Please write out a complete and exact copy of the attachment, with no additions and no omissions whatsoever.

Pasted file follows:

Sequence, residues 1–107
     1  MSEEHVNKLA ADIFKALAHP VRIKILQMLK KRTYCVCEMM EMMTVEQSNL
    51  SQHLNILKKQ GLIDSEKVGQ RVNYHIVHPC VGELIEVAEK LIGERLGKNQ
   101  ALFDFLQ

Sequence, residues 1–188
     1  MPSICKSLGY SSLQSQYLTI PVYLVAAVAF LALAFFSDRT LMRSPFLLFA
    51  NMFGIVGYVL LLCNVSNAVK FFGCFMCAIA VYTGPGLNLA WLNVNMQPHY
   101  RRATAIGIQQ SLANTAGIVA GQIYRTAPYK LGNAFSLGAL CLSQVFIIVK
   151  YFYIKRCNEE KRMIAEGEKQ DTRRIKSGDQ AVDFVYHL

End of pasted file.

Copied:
Sequence, residues 1–107
     1  MSEEHVNKLA ADIFKALAHP VRIKILQMLK KRTYCVCEMM EMMTVEQSNL
    51  SQHLNILKKQ GLIDSEKVGQ RVNYHIVHPC VGELIEVAEK LIGERLGKNQ
   101  ALFDFLQ

Sequence, residues 1–188
     1  MPSICKSLGY SSLQSQYLTI PVYLVAAVAF LALAFFSDRT LMRSPFLLFA
    51  NMFGIVGYVL LLCNVSNAVK FFGCFMCAIA VYTGPGLNLA WLNVNMQPHY
   101  RRATAIGIQQ SLANTAGIVA GQIYRTAPYK LGNAFSLGAL CLSQVFIIVK
   151  YFYIKRCNEE KRMIAEGEKQ DTRRIKSGDQ AVDFVYHL